396,345 Jobs Lost if Property Tax Split
March 19, 2012
By WAYNE LUSVARDI
The Davenport School of Public Policy at Pepperdine University is out with a blockbuster new study on the affects of the proposed elimination of caps on commercial property taxes provided for under Proposition 13. The study is titled, “An Analysis of Split Roll Property Tax Issues and Impacts.”
This is also called a “Split Roll” property tax because residential and commercial property taxation would be separated and the base assessed values would be taxed differently, although the tax rate would stay the same. Residential properties would keep their Prop. 13 property tax protections and such protections would be eliminated on commercial and industrial properties.
The study concludes that a split roll property tax would:
* End up losing 396,345 jobs over the first five years of a new split-roll property tax system. This would increase the current unemployment rate of 10.9 percent to 13.1 percent.
* The lost economic output would be $71.8 billion over five years. In other words, ending Prop 13 protections on commercial properties would result in losing about $14.4 billion in economic productivity per year to get about $3 to $8 billion annually in new property taxes. Stated differently, the private economy would shrink and government would grow.
* Government property tax revenues would be susceptible to greater instability – the ups and downs of tax revenues — as commercial and industrial property values are affected by the swings and cycles of the larger economy. This is especially so for retail commercial properties such as shopping centers.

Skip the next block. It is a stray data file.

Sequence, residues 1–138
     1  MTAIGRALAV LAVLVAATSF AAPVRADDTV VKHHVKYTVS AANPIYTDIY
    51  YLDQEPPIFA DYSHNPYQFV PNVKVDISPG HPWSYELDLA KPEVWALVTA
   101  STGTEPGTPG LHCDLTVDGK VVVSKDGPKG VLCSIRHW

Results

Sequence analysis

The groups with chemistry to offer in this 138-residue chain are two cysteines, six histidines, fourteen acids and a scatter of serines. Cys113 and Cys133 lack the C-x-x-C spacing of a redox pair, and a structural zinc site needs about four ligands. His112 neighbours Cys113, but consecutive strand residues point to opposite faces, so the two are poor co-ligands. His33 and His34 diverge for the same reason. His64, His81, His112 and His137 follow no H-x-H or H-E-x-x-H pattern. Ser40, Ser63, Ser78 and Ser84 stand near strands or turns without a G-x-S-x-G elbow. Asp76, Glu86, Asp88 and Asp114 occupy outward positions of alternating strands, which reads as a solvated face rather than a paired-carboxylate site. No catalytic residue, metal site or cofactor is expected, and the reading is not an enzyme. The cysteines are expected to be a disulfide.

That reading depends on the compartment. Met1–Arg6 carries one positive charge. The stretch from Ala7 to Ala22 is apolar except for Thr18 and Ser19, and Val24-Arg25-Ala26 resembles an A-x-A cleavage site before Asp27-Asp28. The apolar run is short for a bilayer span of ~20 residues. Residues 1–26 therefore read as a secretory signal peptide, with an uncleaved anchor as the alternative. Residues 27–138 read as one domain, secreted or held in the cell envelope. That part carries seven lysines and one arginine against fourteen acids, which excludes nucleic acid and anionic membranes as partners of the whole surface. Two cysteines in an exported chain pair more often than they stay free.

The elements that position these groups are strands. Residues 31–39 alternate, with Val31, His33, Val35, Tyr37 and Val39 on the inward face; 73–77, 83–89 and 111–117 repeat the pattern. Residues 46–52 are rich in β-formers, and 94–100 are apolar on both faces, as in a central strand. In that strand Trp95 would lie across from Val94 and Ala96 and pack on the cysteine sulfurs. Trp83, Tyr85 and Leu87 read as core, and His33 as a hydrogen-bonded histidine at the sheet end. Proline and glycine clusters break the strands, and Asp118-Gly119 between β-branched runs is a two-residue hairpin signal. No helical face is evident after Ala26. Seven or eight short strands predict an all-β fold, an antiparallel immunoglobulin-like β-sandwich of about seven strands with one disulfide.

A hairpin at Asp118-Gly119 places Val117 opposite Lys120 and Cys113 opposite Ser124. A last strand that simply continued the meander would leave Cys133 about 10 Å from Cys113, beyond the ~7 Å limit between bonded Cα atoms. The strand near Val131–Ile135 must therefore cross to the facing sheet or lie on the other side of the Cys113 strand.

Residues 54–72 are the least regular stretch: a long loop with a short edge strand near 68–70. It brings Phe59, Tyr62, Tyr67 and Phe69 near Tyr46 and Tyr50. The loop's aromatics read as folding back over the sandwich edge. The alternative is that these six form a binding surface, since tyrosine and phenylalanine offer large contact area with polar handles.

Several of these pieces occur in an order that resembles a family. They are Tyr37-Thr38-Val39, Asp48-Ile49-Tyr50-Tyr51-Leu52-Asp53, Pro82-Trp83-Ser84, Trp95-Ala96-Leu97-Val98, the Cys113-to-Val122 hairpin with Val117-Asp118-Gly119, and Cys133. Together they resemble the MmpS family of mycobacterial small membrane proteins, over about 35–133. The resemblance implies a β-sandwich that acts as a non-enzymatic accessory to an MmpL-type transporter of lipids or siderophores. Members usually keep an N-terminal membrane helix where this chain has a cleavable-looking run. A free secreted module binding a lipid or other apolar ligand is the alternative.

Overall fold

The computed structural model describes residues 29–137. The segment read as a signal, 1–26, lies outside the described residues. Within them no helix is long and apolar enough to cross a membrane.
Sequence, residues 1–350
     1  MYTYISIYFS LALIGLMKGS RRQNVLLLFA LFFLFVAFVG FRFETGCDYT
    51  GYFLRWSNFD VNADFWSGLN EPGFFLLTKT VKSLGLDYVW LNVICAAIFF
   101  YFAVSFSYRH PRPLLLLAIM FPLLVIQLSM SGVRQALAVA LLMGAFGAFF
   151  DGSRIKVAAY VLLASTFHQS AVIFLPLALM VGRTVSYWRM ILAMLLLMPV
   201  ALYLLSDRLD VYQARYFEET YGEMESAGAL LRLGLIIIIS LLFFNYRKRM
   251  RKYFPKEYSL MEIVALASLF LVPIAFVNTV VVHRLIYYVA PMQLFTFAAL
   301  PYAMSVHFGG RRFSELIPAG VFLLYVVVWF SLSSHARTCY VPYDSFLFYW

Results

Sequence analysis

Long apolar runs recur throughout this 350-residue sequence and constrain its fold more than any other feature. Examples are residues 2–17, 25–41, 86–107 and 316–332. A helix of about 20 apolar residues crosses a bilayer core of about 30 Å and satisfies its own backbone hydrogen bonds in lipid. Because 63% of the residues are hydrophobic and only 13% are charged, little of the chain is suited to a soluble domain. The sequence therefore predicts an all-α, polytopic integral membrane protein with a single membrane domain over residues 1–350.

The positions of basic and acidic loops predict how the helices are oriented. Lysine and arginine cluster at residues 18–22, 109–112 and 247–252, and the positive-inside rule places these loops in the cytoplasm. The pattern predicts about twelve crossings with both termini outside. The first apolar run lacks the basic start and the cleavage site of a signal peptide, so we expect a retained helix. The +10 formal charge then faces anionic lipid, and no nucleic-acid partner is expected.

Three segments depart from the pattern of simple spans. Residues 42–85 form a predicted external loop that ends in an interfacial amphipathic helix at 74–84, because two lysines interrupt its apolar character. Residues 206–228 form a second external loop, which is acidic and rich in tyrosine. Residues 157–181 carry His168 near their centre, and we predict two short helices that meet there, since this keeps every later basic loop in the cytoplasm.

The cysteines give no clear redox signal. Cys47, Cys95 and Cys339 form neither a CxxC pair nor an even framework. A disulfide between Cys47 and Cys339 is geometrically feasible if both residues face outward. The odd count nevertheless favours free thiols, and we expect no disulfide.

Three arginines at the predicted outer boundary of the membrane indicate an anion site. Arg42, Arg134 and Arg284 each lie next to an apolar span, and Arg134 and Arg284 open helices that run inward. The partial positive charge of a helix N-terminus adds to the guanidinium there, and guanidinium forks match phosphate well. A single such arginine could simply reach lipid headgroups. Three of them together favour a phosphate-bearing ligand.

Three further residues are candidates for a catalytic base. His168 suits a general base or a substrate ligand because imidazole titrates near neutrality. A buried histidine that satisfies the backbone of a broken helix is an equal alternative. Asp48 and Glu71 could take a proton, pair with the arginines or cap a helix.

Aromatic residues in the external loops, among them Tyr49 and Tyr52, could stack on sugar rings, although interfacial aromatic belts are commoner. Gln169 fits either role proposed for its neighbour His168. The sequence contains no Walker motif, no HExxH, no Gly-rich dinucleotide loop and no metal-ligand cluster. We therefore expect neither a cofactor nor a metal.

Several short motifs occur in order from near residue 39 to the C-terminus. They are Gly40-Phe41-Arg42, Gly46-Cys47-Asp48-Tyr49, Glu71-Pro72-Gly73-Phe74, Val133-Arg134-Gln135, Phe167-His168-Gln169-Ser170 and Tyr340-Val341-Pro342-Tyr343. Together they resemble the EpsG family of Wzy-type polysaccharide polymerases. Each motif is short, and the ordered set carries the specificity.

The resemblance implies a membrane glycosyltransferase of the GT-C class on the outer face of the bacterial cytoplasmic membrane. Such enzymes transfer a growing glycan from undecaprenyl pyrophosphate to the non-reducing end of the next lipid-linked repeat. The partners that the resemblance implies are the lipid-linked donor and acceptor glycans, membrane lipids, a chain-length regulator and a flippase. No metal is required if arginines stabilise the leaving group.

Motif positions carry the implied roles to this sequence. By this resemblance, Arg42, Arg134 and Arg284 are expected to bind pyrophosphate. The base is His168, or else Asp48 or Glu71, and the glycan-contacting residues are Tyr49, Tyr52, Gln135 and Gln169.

Apartment Rents Up
* Apartment rents would have to be increased to comply with the increased commercial property tax rates. Renters — who comprise disproportionately more of those affected by the economic recession — would be hard hit with rent increases. Homeowners would still enjoy the protections of Prop. 13 on any increase in property taxes until their property re-sold. But then it would be the new buyers who would assume the higher tax burden. This could increase “tax flight.”
* Small commercial property owners who do not have “triple net” leases with their tenants would have to disproportionately absorb the property tax increase. Those large commercial landlords — shopping centers, malls and gas stations — could pass their property tax increase along to their tenants under a “triple net” lease. So, contrary to the stereotype created by tax advocates, “Big Commercial” landlords would be least affected and small commercial property owners would be clobbered.
This could result in “fire sales” of some small commercial properties. In 1978, before Prop. 13 was enacted, it was “widows” who had to sell their homes to pay property tax increases. In 2013, it might be small landlords renting to “Mom and Pop” stores and owners of duplexes who would be more susceptible to having to sell their properties to pay property tax increases.
This also likely would adversely affect the trustees/heirs of those commercial properties held in family trusts.
No Quick Reassessments
I would add one thing to the study: According to tax assessors, it would take about three years for local county assessors to hire and train new staff and begin to undertake the reassessment of commercial properties. So there is no “quick fix” for public school or county budgets dealing with prison realignment in a split-roll property tax. Commercial properties cannot be valued by mathematical computer formulas as can single family residential properties (such as using Zillow.com).
The Pepperdine study responded to criticisms of Prop. 13, such as May 2010 report by the California Tax Reform Association titled, “System Failure: California’s Loophole-Ridden Commercial Property Tax”. In that report, several high-profile commercial properties — such as Disneyland, high-end shopping malls and gas stations — were branded as being under-taxed due to vague “loopholes.”
But these alleged loopholes only apply to a small number of commercial property sales transactions of “internal sales” between partners, where commercial properties are owned by a partnership. Presently, the courts have rules these “loopholes” legal.
However, the Pepperdine study indicated it won’t be high-profile commercial properties or partnership-owned commercial properties that would be most affected. Instead it would “Mom and Pop” stores renting space in Class B strip malls, older commercial buildings or owners of residential duplexes and small six-unit apartments.